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Flavius Josephus, The Wars of the Jews (ed. William Whiston, A.M.) 8 0 Browse Search
Knight's Mechanical Encyclopedia (ed. Knight) 6 0 Browse Search
Flavius Josephus, The Life of Flavius Josephus (ed. William Whiston, A.M.) 4 0 Browse Search
Polybius, Histories 4 0 Browse Search
Flavius Josephus, Against Apion (ed. William Whiston, A.M.) 2 0 Browse Search
The writings of John Greenleaf Whittier, Volume 2. (ed. John Greenleaf Whittier) 2 0 Browse Search
The writings of John Greenleaf Whittier, Volume 3. (ed. John Greenleaf Whittier) 2 0 Browse Search
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Flavius Josephus, The Wars of the Jews (ed. William Whiston, A.M.), Book I, section 64 (search)
He also proceeded as far as Samaria, where is now the city Sebaste, which was built by Herod the king, and encompassed it all round with a wall, and set his sons, Aristobulus and Antigonus, over the siege; who pushed it on so hard, that a famine so far prevailed within the city, that they were forced to eat what never was esteemed food. They also invited Antiochus, who was called Cyzicenus, to come to their assistance; whereupon he got ready, and complied with their invitation, but was beaten by Aristobulus and Antigonus; and indeed he was pursued as far as Scythopolis by these brethren, and fled away from them. So they returned back to Samaria, and shut the multitude again within the wall; and when they had taken the city, they demolished it, and made slaves of its inhabitants. And as they had still great success in their undertakings, they did not suffer their zeal to cool, but marched with an army as far as Scythopolis, and made an incursion upon it, and laid waste all the country
Flavius Josephus, The Wars of the Jews (ed. William Whiston, A.M.), Book I, section 155 (search)
He also rebuilt Gadara, The coin of this Gadara, still extant, with its date from this era, is a certain evidence of this its rebuilding by Pompey, as Spanheim here assures us. that had been demolished by the Jews, in order to gratify one Demetrius, who was of Gadara, and was one of his own freed-men. He also made other cities free from their dominion, that lay in the midst of the country, such, I mean, as they had not demolished before that time; Hippos, and Scythopolis, as also Pella, and Samaria, and Marissa; and besides these Ashdod, and Jamnia, and Arethusa; and in like manner dealt he with the maritime cities, Gaza, and Joppa, and Dora, and that which was anciently called Strato's Tower, but was afterward rebuilt with the most magnificent edifices, and had its name changed to Cesarea, by king Herod. All which he restored to their own citizens, and put them under the province of Syria; which province, together with Judea, and the countries as far as Egypt and Euphrates, he commit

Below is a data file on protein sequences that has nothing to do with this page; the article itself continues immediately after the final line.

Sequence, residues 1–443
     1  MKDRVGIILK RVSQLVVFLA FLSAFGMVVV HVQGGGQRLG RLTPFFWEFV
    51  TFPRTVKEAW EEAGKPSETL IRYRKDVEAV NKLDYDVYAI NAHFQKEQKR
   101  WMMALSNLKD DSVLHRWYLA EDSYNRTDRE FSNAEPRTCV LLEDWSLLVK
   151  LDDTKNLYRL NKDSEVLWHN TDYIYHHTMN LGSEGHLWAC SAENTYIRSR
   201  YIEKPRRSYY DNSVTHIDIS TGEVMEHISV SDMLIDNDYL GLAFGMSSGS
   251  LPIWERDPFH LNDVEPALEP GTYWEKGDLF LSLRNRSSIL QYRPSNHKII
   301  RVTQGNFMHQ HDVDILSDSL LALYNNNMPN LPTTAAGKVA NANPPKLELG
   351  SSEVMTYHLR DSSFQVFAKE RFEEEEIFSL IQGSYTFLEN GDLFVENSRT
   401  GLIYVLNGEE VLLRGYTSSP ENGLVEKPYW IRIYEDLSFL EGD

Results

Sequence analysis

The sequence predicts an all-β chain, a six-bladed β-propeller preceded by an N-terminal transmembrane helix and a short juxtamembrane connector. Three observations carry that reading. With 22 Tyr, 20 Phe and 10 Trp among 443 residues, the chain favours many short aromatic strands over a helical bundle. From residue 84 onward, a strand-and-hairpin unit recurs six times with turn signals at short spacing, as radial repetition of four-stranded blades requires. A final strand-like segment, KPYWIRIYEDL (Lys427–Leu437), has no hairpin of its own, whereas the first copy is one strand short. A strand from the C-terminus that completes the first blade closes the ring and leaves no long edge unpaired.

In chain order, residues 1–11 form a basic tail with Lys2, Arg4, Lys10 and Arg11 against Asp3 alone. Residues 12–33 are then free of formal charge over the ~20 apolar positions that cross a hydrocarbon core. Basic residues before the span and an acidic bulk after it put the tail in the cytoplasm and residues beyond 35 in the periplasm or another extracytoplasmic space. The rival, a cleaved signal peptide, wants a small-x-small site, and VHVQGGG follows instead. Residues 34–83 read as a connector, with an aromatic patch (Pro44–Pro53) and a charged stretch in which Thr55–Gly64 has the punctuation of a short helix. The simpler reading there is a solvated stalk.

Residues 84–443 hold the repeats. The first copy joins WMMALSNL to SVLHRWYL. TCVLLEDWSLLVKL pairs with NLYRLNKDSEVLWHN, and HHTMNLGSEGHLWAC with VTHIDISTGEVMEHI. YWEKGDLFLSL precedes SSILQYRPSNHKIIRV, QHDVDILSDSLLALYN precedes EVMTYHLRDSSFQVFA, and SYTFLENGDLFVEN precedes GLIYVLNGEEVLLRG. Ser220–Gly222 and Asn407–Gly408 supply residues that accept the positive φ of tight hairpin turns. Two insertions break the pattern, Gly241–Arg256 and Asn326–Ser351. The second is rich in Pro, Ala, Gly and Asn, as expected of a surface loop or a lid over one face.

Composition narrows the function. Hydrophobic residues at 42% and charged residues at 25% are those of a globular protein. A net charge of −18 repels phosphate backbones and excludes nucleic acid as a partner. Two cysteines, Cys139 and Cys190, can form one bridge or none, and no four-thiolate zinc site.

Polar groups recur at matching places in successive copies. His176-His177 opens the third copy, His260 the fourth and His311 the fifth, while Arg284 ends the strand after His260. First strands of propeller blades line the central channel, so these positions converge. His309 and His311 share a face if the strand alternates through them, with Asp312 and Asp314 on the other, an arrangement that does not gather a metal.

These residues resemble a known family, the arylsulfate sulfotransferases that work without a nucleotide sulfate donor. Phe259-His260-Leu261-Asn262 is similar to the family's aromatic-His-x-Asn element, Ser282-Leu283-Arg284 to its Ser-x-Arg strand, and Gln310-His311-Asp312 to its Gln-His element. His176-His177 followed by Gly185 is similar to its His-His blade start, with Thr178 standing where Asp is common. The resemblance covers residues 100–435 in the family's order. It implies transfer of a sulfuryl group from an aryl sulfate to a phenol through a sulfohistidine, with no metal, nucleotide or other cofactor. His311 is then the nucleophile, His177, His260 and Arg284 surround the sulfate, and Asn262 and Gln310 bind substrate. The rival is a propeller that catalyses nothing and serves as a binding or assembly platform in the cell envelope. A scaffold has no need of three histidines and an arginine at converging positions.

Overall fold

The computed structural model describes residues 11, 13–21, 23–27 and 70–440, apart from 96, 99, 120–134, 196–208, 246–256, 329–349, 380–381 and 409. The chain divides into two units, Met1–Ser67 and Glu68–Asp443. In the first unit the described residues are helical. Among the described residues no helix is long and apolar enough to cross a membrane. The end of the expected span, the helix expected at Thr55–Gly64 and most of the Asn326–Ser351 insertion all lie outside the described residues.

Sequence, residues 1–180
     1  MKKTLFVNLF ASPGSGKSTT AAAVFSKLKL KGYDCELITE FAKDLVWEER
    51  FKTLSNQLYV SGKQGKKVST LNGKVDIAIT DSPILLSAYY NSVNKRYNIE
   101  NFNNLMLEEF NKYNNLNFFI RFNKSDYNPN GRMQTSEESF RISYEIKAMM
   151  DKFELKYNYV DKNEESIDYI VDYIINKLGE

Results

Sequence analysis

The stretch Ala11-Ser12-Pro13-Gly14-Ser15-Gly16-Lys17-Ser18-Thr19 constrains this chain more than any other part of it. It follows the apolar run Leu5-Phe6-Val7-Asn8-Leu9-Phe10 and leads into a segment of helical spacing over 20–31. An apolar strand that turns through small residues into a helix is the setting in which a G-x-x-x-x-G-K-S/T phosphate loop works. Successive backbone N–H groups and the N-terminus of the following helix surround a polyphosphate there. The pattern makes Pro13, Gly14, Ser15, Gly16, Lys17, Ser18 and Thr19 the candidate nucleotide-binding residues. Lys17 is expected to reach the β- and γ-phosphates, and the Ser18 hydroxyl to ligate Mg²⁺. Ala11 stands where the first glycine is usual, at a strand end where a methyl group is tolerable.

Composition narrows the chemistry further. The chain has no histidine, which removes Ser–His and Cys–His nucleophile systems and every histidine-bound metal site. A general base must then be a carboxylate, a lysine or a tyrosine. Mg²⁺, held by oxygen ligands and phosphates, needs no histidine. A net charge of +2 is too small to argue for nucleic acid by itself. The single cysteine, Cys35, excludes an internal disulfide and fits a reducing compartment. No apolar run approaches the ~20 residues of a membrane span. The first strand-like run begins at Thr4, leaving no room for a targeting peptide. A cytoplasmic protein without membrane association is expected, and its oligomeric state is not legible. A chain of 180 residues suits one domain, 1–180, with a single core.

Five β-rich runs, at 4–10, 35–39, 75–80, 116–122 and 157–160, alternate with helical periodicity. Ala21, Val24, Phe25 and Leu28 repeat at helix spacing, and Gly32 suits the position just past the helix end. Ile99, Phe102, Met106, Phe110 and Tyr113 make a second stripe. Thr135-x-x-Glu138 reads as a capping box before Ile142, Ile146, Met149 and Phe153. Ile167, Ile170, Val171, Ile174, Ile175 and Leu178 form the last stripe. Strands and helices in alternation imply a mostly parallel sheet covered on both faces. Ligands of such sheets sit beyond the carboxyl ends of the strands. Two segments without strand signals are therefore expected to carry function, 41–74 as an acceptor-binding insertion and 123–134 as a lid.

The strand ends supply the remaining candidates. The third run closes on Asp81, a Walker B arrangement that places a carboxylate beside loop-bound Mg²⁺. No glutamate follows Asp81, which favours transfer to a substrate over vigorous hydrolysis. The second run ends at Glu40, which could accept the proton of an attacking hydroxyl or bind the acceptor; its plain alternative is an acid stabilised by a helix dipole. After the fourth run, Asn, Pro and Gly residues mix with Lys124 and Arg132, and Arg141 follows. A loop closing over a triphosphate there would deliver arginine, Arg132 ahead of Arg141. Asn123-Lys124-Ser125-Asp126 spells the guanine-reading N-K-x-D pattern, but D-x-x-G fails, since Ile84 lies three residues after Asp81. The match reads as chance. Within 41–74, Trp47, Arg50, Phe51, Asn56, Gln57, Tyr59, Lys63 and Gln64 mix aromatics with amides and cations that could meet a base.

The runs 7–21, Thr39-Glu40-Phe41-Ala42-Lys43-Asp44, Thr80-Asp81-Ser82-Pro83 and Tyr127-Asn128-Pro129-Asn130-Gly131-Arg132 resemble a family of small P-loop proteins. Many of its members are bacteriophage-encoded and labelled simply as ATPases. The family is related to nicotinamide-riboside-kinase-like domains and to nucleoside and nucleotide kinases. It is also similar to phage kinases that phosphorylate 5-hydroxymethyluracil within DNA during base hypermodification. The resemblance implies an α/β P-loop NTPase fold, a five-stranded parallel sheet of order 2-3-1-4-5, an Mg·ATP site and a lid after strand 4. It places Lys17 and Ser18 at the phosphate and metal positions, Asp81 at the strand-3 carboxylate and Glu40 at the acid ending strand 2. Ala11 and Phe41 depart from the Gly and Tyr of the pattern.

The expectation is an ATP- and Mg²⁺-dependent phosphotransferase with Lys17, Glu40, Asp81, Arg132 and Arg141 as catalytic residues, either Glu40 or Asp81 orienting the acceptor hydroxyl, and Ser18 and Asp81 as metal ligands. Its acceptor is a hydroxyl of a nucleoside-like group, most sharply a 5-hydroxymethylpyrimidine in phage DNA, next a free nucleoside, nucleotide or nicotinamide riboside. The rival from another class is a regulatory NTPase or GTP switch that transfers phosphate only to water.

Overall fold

Flavius Josephus, The Wars of the Jews (ed. William Whiston, A.M.), Book I, section 164 (search)
Now when Gabinius was come to Alexandrium, because he found a great many there en-camped, he tried, by promising them pardon for their former offenses, to induce them to come over to him before it came to a fight; but when they would hearken to no terms of accommodation, he slew a great number of them, and shut up a great number of them in the citadel. Now Marcus Antonius, their leader, signalized himself in this battle, who, as he always showed great courage, so did he never show it so much as now; but Gabinius, leaving forces to take the citadel, went away himself, and settled the cities that had not been demolished, and rebuilt those that had been destroyed. Accordingly, upon his injunctions, the following cities were restored: Scythopolis, and Samaria, and Anthedon, and Apollonia, and Jamnia, and Raphia, and Mariassa, and Adoreus, and Gamala, and Ashdod, and many others; while a great number of men readily ran to each of them, and became their inhabitants.
Flavius Josephus, The Life of Flavius Josephus (ed. William Whiston, A.M.), section 266 (search)
uctions to them, and while they were getting themselves ready as fast as they could, I sent them on this errand the third day after they had been assembled: I also sent five hundred armed men with them [as a guard]. I then wrote to my friends in Samaria, to take care that they might safely pass through the country: for Samaria was already under the Romans, and it was absolutely necessary for those that go quickly [to Jerusalem] to pass through that country; for in that road you may, in three da they might safely pass through the country: for Samaria was already under the Romans, and it was absolutely necessary for those that go quickly [to Jerusalem] to pass through that country; for in that road you may, in three days' time, go from Galilee to Jerusalem. I also went myself, and conducted the old men as far as the bounds of Galilee, and set guards in the roads, that it might not be easily known by any one that these men were gone. And when I had thus done, I went and abode at Japha.
Flavius Josephus, Against Apion (ed. William Whiston, A.M.), BOOK II, section 33 (search)
d not therefore get some of our nation to Alexandria, because he wanted inhabitants for this his city, on whose building he had bestowed so much pains; but this was given to our people as a reward, because he had, upon a careful trial, found them all to have been men of virtue and fidelity to him; for, as Hecateus says concerning us, "Alexander honored our nation to such a degree, that, for the equity and the fidelity which the Jews exhibited to him, he permitted them to hold the country of Samaria free from tribute. Of the same mind also was Ptolemy the son of Lagus, as to those Jews who dwelt at Alexandria." For he intrusted the fortresses of Egypt into their hands, as believing they would keep them faithfully and valiantly for him; and when he was desirous to secure the government of Cyrene, and the other cities of Libya, to himself, he sent a party of Jews to inhabit in them. And for his successor Ptolemy, who was called Philadelphus, he did not only set all those of our nation fr